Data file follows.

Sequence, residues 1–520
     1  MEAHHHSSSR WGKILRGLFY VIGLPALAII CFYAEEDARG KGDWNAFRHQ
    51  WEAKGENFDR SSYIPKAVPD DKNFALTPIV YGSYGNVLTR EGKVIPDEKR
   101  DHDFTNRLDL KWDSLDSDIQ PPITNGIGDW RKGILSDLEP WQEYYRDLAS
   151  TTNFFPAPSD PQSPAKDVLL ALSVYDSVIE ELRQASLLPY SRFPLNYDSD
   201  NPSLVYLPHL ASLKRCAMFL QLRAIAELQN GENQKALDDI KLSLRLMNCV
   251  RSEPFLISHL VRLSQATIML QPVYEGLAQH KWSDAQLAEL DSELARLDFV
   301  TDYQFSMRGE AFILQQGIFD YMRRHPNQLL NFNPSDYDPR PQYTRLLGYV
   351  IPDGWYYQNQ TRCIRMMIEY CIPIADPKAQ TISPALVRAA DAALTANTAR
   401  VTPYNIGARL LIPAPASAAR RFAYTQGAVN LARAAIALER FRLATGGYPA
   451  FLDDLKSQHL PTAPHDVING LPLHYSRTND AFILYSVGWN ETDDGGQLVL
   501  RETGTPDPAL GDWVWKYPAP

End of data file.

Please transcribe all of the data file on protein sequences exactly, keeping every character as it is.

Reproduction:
Sequence, residues 1–520
     1  MEAHHHSSSR WGKILRGLFY VIGLPALAII CFYAEEDARG KGDWNAFRHQ
    51  WEAKGENFDR SSYIPKAVPD DKNFALTPIV YGSYGNVLTR EGKVIPDEKR
   101  DHDFTNRLDL KWDSLDSDIQ PPITNGIGDW RKGILSDLEP WQEYYRDLAS
   151  TTNFFPAPSD PQSPAKDVLL ALSVYDSVIE ELRQASLLPY SRFPLNYDSD
   201  NPSLVYLPHL ASLKRCAMFL QLRAIAELQN GENQKALDDI KLSLRLMNCV
   251  RSEPFLISHL VRLSQATIML QPVYEGLAQH KWSDAQLAEL DSELARLDFV
   301  TDYQFSMRGE AFILQQGIFD YMRRHPNQLL NFNPSDYDPR PQYTRLLGYV
   351  IPDGWYYQNQ TRCIRMMIEY CIPIADPKAQ TISPALVRAA DAALTANTAR
   401  VTPYNIGARL LIPAPASAAR RFAYTQGAVN LARAAIALER FRLATGGYPA
   451  FLDDLKSQHL PTAPHDVING LPLHYSRTND AFILYSVGWN ETDDGGQLVL
   501  RETGTPDPAL GDWVWKYPAP